The road tolls for thee

Last week, Toronto mayor Join Tory announced a plan to toll two major Toronto highways, the Gardiner and the DVP. The city is starved for cash with huge shortfalls for both infrastructure (new housing, new transit lines) and even everyday operating expenses. Tolls are supposed to help close this gap. But despite the absolutely huge revenue needs of this city, there a case to be made against tolls from the left.

There is a simple practical argument against the proposed tolls: they won’t raise very much money and any revenue is years away. City planners calculate about $200 million per year of new money once tolls are in place. That may sound like much but Toronto needs are in the vicinity of $30 billion just to catch up with a growing population and ageing infrastructure. And the city needs the money now.

toronto-road-tolls-20161124

John Tory has challenged those who oppose the tolls to spell out the alternative. Taxing parking spaces would raise $500 million and could be done right away. Getting residential and commercial property taxes to at least match long-term inflation and beat it, even with the necessary rebates for those house-rich, income-poor, would raise another huge chunk of cash. This isn’t even getting to more creative options—many of them included in an appendix to a KPMG report commissioned by Metrolinx.

Given the revenue crisis, lefties could easily come up with a viable, progressive money-raising plan even from a list prepared by the market-friendly consultants at KPMG. A municipal income tax? Why not since the province and the feds are raising less then they used to through this measure. Even a municipal sales tax with hefty rebates for low-income and working-class folks. It’s not a question of options but political strategy.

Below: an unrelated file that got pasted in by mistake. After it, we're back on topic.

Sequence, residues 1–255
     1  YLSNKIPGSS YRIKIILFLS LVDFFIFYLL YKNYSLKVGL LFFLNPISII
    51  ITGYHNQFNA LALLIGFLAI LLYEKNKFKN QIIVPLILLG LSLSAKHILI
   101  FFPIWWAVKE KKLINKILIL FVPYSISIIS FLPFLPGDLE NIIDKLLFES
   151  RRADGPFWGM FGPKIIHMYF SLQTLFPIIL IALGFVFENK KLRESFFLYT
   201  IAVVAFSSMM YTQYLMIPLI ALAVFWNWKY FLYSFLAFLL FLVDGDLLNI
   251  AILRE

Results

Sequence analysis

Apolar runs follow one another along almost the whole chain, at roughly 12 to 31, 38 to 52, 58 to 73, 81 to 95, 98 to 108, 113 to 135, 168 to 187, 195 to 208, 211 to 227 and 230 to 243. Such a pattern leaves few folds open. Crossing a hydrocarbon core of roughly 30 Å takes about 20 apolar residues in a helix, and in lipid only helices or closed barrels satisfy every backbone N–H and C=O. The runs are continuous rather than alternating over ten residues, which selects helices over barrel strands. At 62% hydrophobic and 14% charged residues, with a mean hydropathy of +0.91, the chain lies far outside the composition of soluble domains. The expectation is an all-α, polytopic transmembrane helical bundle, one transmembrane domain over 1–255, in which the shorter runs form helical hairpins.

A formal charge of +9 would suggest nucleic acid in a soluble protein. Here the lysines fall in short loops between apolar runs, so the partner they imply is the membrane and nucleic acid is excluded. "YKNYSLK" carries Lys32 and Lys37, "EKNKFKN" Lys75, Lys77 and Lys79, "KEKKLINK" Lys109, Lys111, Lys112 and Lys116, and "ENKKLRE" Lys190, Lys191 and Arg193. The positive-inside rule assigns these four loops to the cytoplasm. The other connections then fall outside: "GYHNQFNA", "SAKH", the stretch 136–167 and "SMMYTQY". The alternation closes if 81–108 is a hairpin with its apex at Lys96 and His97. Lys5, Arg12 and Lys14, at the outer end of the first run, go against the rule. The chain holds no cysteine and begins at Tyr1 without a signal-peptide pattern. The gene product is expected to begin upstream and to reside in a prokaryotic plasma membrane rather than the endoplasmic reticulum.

(more…)

Read More

Linda McQuaig on Hudak’s imaginary jobs and Canadian inequality

Today, I’m happy to present another extended interview and my guest is Linda McQuaig. Linda is a National Newspaper Award-winning journalist and commentator who has worked for the Globe and Mail, National Post, Toronto Star and many other outlets. She is also a best-selling author of numerous books that have focused on and popularized a host of economic issues. Her most recent book, co-written with Neil Brooks, is The Trouble with Billionaires: How the Super-Rich Hijacked the World and How We Can Take It Back. 

Just last week, Linda wrote a sharp piece critiquing Tim Hudak’s platform in the upcoming Ontario election. We discuss this article and Hudak’s plans in the first half of the interview, while moving on to more general questions centered on the topic of rising inequality in the second half.

Read More

Hudak’s plans to cut teachers in statistics and politics

It’s election time in Ontario and that means graphs and statistics, facts and factoids, some stale, some new come out of the woodwork. Take the tweet below as an example, one that riffs on the old theme of an exploding public sector encapsulated in Tim Hudak’s promise to cut 100,000 public service jobs:

Let us even take the author’s word that he is non-partisan and found some seemingly interesting data; the focus is the chart, not him. There are two issues. The first is much simpler: the graph is a misportrayal. It uses data from a Statistics Canada sample-based survey to proxy for teacher employment and population data to proxy for student enrolment. While using proxies for missing data can be acceptable and justified, in this case, there is absolutely no reason for it. Both teacher employment data and enrolment data are exhaustively compiled by Ontario’s Ministry of Education. Here is the same graph with correct data:

140513 Teachers vs Enrolment
(more…)

Read More